Archbishop Wenski reflects on Orlando, looks forward to Miami duties

ORLANDO, Fla. – As the newly appointed archbishop of Miami, one thing is certain – Archbishop Thomas G. Wenski will immediately know where he is going since he has been there before.

On April 20, Pope Benedict XVI named him to succeed Miami Archbishop John C. Favalora.

When the call first came from Archbishop Pietro Sambi, apostolic nuncio to the United States, Archbishop Wenski suggested a few other names to him.

“I suggested to him other names I thought should be considered but he insisted that many thought I should be the person for this time,” he said, adding: “I did not want to say no to the pope.”

Archbishop Wenski, 59, was born in 1950 in West Palm Beach and grew up in Lake Worth. Both of his parents are deceased. His only sibling, Mary Engle, lives in Lake Worth.

“When I was a priest working in the Haitian community in Miami, my parents oftentimes came to Mass there but didn’t understand what I was saying because I preached in Creole,” Archbishop Wenski told the Florida Catholic, newspaper of the Orlando Diocese.

At the time of his appointment to Miami, he had been Orlando’s bishop since November 2004.

The archbishop studied at St. John Vianney Minor Seminary in Miami and then St. Vincent de Paul Major Seminary in Boynton Beach, earning a bachelor’s degree in philosophy and a master of divinity degree. He was ordained a priest of the Miami Archdiocese in 1976. He earned a master’s degree in sociology, with an emphasis on pastoral planning, from Fordham University in New York in the early 1990s.

Archbishop Wenski speaks English, Spanish and Creole. He was once described as “an ethnic chameleon,” for being equally at home among Haitians, Cubans and other Americans. He learned to speak Spanish – with a Cuban accent – during his seminary years.

Shortly after his ordination, however, coinciding with the beginnings of the Haitian migration to south Florida, he learned to speak Haitian Creole and spent 18 years ministering to the Haitian population as a parish priest. He became well known as a tireless advocate on their behalf.

In 1997, while serving as pastor of three Haitian missions and the archdiocesan director of Catholic Charities, he was ordained auxiliary bishop of Orlando. Just shy of six years later, he was named coadjutor bishop of Orlando and in 2004 he was appointed Orlando’s bishop.

On June 1, Archbishop Wenski will be installed in Miami.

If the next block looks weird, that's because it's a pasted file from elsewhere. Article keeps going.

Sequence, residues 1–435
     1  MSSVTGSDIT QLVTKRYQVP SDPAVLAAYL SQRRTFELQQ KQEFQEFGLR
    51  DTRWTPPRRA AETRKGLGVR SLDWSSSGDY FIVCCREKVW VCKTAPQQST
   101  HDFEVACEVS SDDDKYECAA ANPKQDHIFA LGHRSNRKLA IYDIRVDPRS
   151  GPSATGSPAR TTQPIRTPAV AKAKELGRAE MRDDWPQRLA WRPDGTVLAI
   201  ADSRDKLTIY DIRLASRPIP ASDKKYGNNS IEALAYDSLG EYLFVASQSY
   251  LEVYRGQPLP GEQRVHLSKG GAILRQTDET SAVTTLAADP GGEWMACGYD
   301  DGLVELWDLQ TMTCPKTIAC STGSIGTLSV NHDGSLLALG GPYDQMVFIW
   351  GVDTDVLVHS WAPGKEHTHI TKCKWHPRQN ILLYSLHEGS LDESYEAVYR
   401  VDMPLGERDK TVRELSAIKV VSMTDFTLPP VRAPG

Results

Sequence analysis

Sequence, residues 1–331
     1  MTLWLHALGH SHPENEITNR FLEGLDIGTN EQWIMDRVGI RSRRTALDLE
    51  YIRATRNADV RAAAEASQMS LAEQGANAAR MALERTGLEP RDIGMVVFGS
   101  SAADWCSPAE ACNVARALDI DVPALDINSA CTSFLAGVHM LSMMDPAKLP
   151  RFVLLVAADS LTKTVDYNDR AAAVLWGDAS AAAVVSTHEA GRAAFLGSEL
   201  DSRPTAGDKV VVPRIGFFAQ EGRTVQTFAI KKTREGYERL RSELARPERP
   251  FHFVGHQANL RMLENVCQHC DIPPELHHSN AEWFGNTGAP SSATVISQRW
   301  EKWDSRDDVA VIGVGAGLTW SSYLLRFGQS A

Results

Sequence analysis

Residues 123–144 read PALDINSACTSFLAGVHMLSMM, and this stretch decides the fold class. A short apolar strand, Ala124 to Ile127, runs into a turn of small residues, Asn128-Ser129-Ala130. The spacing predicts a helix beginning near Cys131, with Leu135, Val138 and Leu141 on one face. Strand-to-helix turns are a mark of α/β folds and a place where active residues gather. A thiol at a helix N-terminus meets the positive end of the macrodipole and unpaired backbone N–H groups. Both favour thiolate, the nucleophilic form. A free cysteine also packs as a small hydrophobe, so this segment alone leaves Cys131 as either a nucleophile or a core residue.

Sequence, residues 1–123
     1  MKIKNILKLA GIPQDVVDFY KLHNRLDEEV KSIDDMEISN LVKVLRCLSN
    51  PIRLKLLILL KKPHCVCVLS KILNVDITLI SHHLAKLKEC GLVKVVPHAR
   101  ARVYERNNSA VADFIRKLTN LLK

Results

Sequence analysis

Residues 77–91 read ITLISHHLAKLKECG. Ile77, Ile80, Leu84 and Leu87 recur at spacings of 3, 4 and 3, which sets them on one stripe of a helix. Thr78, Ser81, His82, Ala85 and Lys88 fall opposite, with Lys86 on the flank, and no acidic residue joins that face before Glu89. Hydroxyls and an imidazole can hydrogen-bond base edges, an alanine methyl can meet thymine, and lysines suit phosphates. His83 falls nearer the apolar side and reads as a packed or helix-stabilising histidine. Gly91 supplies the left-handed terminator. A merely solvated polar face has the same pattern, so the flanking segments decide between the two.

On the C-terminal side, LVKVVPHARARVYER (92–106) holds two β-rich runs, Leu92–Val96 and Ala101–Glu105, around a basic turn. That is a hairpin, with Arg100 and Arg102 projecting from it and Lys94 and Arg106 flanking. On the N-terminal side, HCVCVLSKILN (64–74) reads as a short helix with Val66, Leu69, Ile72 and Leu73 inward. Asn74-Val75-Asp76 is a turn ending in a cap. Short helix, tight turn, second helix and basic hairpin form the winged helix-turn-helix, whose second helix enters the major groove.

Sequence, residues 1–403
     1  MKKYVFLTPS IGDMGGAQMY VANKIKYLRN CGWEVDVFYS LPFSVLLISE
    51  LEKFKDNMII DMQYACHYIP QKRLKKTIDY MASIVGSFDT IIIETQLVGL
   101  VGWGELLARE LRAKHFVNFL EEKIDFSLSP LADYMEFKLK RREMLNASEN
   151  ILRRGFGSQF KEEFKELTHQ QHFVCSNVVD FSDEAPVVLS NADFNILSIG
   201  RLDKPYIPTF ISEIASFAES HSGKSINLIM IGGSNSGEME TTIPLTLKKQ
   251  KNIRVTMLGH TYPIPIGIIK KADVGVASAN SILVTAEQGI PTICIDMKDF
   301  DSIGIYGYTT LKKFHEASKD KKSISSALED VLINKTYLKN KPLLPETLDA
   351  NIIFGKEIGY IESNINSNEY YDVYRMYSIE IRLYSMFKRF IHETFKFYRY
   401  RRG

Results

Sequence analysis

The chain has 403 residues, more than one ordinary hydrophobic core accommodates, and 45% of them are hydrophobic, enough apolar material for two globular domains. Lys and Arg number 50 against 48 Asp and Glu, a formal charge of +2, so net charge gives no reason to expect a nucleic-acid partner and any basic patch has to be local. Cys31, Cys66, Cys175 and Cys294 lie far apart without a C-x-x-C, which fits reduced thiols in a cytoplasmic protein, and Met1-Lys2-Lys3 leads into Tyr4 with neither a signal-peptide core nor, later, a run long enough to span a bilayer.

During his tenure in Orlando, Archbishop Wenski was aggressive in working to securing a stable financial future for the nine-county diocese by establishing the “Alive in Christ” capital campaign, formulated following a yearlong diocesan synod in 2005.

“The synod enabled so many people of the diocese to get involved with the church and the visioning of where we should be as church in responding to the challenge of evangelization in the 21st century,” he said.

When it comes to the public square, Archbishop Wenski is not shy about expressing church teachings on hot-button issues such as immigration, human trafficking, pro-life concerns and care of the poor.

“There is a great freedom in proclaiming the social doctrine of the church, for in doing so I do not speak in my own name but in the name of Christ and his church,” he said. “As a bishop, it is not as if I am giving my own opinions, I simply wish to be coherent and consistent in applying what the church teaches.”

A teacher doesn’t teach by staying silent, he added.

As for his new assignment, he expects there will be challenges to face, “but the Lord tells us, Do not be afraid,” he said. He noted that the history of Miami has always been a cycle of boom and bust. He believes the current economic crisis affecting every state in the country will eventually be replaced by recovery within the next few years, if not sooner.

Reflecting on his time as shepherd of the Orlando Diocese, Archbishop Wenski expressed appreciation for the priests.

While many major projects will be unfinished when he leaves, he joked that if he knew his tenure in Orlando was coming to an end, he would have worked harder to get them all finished. He noted that as St. Paul said, “one plants and another harvests.”

“Hopefully,” the archbishop added, “what I have planted or initiated will result in stronger parishes and a stronger diocese.”

Catholic Review

Catholic Review

The Catholic Review is the official publication of the Archdiocese of Baltimore.